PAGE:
Relatedly, if you think that everything you do is fantastic (most likely because that’s what your mentor is telling you), you’ll be motivated to produce more of it; and if you find that, no matter how hard you work, your peers remain unimpressed, you’ll be much more likely to see it all as a waste of effort.

    If this is right, then female philosophers will generally be disadvantaged in several ways: to the extent that subfields within which they work are held in lower esteem (feminist philosophy, political philosophy, arguably ethics compared to Analytic metaphysics and epistemology), to the extent that their work individually is perceived as less valuable or less significant due to implicit biases, and to the extent that they cannot find supportive and prominent mentors (who can talk up their work to other prominent philosophers), we expect them to receive less recognition and less material support.

  4. Brandon, yes, sadly, women are typically mentored much less well than men.

    Flying tomato: Well, I’m with you on this, but I worry that you are being given survival advice. Your reference to professionals suggests to me you are a student, so at least you aren’t facing tenure, if my guess is right. Still, there is the thesis…

    Noumena, Good point. I think some good researchers have said that famlies can in effect elect a child as a prodigy and then, by concentrating their energy and resources, pretty much bring it about. It seems that that sometimes happens in grad school too. One forgets, of course, that by and large, women have been bizarrely disadvantaged until recently. In the US lots of very good programs didn’t accept women, in England women’s colleges at Oxford and Cambridge were in the minority (at Oxford, 5 to 30 or so). Until fairly recently (e.g., 30 years ago) women were typically not allowed to eat with professors in most men’s colleges except for special guest nights, etc, etc.

    How much less formal exclusion is still going on? Looking just at the programs for meetings and the people included in editions, I’d say it’s pretty clear.

  5. You should also read Linda Nochlin on Picasso in her famous article “Why There are No Great Women Artists” in which she de-bunks the whole idea of ‘genius’ and discusses what might have happened to a hypothetical Pabla Picasso (Pablo’s sister) if she had been equally talented. One thing that is VERY relevant in this story is that PIcasso’s father was an artist and art teacher who helped his son along and the very idea of some sort of innate “golden globule” of genius in him (as in the famous chicken soup) is itself an ideological construct of our romantic, post-18th century notion of “geniuses”.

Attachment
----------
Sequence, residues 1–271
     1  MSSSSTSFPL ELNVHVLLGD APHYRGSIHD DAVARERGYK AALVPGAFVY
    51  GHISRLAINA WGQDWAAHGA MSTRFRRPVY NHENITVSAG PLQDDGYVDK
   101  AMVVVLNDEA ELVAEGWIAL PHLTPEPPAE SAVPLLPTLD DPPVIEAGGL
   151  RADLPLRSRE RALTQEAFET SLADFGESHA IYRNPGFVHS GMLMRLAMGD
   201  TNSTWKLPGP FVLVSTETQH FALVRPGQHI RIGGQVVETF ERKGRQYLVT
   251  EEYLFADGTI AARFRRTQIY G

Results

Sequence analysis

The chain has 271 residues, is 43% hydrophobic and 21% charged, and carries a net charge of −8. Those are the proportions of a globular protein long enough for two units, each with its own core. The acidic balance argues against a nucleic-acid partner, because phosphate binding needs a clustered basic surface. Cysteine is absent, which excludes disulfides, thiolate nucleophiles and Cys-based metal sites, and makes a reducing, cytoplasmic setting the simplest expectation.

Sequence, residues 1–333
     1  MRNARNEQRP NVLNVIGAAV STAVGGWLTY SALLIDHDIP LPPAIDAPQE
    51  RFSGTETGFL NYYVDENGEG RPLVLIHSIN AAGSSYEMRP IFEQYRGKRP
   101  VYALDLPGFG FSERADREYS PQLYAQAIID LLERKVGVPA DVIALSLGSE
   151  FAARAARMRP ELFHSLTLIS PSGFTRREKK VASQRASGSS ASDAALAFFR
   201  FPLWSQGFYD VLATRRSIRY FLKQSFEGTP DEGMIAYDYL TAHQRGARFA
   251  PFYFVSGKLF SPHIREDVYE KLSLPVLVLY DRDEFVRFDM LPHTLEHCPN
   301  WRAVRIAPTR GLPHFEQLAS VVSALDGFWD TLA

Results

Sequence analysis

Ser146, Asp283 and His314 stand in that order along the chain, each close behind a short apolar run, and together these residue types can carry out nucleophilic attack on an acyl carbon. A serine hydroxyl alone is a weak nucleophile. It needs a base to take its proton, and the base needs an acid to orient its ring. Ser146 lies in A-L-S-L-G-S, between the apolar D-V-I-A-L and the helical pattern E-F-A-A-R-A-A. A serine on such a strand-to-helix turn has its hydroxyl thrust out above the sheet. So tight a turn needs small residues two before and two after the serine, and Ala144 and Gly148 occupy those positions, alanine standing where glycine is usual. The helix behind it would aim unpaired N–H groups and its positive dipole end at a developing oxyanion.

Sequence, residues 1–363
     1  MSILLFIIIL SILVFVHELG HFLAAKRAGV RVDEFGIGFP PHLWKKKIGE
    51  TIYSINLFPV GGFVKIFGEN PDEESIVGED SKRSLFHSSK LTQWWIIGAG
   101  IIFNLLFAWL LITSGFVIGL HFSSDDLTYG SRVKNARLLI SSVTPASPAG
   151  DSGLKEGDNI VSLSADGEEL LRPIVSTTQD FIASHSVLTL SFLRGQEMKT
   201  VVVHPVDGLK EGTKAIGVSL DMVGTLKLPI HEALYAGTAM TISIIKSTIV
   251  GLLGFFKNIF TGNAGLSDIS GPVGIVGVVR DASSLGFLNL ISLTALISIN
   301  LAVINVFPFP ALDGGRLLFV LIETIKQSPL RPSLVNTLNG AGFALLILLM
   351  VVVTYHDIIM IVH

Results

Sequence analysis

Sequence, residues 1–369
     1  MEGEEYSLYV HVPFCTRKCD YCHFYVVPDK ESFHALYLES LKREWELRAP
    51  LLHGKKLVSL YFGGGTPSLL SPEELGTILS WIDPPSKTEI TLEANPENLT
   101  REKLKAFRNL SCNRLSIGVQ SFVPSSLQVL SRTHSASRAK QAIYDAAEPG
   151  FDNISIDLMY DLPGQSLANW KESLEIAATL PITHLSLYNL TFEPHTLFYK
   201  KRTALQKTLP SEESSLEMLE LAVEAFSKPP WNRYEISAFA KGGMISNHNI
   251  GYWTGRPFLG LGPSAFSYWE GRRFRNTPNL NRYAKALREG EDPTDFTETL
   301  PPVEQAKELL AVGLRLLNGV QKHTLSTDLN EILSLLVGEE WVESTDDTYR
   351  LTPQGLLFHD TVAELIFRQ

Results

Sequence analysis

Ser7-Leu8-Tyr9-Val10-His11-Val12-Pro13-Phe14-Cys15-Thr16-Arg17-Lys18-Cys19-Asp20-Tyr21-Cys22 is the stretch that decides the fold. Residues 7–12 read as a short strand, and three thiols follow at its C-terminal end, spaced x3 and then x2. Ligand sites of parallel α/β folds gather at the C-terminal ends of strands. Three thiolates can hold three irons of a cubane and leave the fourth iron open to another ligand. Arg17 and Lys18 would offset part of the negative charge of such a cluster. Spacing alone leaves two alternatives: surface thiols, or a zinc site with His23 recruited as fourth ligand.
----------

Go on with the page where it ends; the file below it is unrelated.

6. jj–No, I’m not a student, I’m an instructor of English and an organic farmer building a local food network in my community.

    While I was a graduate student, my mentors in English and history (in which I also hold a Master’s degree) tended to see my efforts outside their fields (both in the other department and in my literal field as a grower and community organizer) as “secondary,” or a “waste of time.” But I saw my efforts in their fields not so much as a career path, but as a means to my own ends: making contacts, fine-tuning my research and writing skills, and providing myself with a second, stable income by teaching first and second year students online.

    Had I wanted to give my life over totally to academia, I would have pursued a doctorate and a tenured position. I have found that rejecting this path when one is identified as having promise is sometimes seen as an insult or a challenge to the traditional status hierarchy within academia.

  7. FT: I’m surprised in this day and age that people are not encouraging students to do something outside of academia. The job situation is dire, and more and more universities are contriving to use adjuncts at abysmal page. I hope organic farming has a robust future; one hears its past has been full of difficulties.

    Calypso: Interesting, thanks. Looks like a great reference.

    I’m not sure how either person is using “genius” since they use it interchangeably with less problematic – if quite vague – notions. The idea of the prodigy is just that of the early (high) achiever, and I think Gladwell is principally interested in whether significant creative work has to start pretty early.

    Noumena’s comment, and my later one, sort of resonnates with what you’re saying. It occurs to me that he and I have ended up talking about what I think Hacking calls social kinds. Certainly, the idea of social support upping the creativity looks like what Hacking calls a “looping effect.”